Phone-maker and telecoms firm ZTE (HKG:0763; SHE:000063) might be reviled in the US, but it’s still loved by fellow Chinese companies. To prove that, China Mobile (NYSE:CHL; HKG:0941) has just awarded ZTE the contract to construct China Mobile’s 4G TD-LTE networks in five Chinese cities: Beijing, Tianjin, Guangzhou, Shenzhen and Shenyang.
According to ZTE’s announcement today, this new tender also means the company will produce 20,000 4G base stations for China Mobile during its slowly expanding test phase. That’s currently going on in 13 Chinese cities ahead of an expected national 4G launch in, according to China’s minister of industry and IT, 2014 or 2015.
ZTE beat out bidders from around the world for this major TD-LTE contract, such as Ericsson, Nokia Siemens, and its compatriot Huawei.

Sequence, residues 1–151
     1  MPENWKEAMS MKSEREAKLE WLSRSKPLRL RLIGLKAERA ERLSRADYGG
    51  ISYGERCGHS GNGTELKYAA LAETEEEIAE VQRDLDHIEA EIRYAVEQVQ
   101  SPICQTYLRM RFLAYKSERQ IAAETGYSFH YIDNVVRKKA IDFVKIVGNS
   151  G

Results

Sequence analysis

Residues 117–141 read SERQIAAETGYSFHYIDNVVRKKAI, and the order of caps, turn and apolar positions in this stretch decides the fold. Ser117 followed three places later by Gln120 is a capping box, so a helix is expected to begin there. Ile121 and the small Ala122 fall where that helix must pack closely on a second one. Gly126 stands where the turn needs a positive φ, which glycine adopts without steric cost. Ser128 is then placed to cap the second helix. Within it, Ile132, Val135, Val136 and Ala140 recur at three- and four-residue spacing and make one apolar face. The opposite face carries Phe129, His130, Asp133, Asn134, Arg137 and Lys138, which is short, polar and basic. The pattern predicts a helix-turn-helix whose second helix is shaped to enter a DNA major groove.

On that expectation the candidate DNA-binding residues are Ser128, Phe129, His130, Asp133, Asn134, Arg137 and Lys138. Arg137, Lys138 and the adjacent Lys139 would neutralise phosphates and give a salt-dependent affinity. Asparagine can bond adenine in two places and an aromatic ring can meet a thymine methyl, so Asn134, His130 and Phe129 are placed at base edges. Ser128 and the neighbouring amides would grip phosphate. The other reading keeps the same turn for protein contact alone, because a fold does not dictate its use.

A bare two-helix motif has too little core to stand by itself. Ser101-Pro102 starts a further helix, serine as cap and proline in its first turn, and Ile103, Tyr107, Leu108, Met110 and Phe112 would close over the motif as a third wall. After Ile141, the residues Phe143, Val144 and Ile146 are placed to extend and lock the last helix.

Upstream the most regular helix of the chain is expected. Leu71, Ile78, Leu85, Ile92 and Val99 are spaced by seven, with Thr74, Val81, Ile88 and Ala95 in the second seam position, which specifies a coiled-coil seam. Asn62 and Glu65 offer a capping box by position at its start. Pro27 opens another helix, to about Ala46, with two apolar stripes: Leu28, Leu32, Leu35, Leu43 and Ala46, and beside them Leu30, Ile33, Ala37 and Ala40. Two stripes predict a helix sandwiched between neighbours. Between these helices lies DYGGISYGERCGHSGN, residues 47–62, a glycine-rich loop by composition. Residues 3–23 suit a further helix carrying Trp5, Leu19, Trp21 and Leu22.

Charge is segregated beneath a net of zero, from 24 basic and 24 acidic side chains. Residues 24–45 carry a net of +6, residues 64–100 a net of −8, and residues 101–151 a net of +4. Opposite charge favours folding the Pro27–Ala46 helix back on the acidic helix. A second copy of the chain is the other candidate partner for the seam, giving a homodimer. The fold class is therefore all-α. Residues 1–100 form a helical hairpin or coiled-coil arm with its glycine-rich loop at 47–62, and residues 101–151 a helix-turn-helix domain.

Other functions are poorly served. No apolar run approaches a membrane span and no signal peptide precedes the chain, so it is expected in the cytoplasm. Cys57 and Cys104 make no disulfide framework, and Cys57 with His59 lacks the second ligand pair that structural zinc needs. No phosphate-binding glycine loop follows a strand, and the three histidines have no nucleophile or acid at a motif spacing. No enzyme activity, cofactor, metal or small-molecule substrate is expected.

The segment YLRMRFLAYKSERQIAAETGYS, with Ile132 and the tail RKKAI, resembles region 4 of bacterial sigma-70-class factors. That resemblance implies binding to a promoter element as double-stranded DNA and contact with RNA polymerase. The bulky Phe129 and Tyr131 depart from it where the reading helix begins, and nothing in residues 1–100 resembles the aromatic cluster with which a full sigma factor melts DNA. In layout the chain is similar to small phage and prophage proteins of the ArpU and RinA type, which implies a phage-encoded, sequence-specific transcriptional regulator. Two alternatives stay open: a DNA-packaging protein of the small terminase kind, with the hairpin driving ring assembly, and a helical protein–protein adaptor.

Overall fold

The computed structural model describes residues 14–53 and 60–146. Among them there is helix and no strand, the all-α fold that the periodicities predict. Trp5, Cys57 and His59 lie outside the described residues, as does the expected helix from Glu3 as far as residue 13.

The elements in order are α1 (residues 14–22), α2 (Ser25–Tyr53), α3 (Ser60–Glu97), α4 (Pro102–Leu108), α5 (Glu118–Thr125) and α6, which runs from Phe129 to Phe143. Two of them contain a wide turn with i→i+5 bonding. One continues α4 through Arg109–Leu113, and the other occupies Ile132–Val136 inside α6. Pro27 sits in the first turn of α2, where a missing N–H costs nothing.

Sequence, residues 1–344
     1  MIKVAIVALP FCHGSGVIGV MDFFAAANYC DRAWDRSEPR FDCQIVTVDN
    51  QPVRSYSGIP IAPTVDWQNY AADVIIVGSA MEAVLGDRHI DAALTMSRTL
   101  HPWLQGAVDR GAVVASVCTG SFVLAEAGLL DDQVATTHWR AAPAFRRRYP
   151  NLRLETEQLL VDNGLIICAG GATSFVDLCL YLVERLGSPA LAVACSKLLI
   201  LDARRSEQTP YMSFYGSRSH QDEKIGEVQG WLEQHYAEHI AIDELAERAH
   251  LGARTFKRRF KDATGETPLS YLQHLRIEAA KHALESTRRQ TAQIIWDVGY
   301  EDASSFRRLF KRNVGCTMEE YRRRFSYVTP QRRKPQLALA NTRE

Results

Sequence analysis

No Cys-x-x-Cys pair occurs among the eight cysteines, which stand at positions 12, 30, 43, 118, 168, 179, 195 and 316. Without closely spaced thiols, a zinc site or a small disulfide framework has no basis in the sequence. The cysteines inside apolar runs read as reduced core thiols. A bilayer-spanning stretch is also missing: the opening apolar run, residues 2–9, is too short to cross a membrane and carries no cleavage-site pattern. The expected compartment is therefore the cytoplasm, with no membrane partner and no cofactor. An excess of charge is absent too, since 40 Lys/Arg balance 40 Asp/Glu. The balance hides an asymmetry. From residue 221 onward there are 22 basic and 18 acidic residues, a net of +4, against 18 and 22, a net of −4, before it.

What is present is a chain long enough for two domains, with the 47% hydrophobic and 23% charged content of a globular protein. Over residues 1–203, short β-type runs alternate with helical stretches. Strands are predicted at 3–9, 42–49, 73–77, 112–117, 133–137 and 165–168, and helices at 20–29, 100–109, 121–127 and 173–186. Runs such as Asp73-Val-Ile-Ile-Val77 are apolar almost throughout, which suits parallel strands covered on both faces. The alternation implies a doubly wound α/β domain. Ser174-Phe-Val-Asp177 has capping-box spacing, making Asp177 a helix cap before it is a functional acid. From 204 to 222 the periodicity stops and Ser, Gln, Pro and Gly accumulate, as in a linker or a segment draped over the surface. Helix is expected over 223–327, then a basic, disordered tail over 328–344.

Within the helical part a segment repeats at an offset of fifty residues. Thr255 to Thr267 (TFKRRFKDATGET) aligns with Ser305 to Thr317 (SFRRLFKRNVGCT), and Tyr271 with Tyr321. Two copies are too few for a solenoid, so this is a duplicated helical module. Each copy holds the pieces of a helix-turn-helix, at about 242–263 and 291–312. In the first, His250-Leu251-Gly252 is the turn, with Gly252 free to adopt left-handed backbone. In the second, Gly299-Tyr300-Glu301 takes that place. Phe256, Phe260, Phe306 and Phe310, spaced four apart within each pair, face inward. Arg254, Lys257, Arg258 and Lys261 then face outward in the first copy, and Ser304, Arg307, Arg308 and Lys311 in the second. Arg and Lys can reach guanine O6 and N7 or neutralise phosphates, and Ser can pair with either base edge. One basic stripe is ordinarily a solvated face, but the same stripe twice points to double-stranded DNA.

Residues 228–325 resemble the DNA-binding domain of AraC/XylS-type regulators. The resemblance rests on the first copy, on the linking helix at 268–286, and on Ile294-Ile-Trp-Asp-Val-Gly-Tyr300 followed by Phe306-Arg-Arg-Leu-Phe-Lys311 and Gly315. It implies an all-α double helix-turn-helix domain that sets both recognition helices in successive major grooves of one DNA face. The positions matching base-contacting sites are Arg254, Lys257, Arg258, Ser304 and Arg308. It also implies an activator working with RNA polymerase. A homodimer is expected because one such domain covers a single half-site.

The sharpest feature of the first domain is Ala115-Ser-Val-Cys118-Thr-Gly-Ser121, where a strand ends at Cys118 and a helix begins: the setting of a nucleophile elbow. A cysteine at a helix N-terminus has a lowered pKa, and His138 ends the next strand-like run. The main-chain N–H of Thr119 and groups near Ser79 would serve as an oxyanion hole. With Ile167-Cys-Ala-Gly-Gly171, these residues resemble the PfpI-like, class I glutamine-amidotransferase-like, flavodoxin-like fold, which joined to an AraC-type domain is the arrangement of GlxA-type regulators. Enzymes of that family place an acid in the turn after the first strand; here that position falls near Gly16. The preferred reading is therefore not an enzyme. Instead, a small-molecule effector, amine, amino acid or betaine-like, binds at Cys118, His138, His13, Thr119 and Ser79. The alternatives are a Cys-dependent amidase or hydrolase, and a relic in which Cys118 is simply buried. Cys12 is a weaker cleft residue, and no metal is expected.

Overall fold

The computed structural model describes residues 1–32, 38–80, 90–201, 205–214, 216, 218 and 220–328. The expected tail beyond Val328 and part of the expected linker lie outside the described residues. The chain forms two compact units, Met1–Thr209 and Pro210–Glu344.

Authorities are taking the 4G rollout very slowly as it tackles the issue of slow uptake of 3G in China. Official stats from all three mobile telcos in the country reveal that there are just over 130 million 3G subscribers in the country, with more than 60 million of those on China Mobile, the world’s biggest mobile telco. That’s a fairly big number, but it’s actually quite a small slice of China’s one billion mobile subscribers.
China Mobile might be the only mobile telco in China that will use the homegrown TD-LTE protocol for 4G, though that is not yet clear. China’s TD-LTE standard is being adopted outside of China – but if China Mobile is all alone in using TD-LTE in China, then it could face a re-run of its awkward lack of quality phones caused by it using the homegrown TD-SCDMA 3G standard. That has caused it to never get the official iPhone deal from Apple, and the iPhone does not support TD-SCDMA at all.
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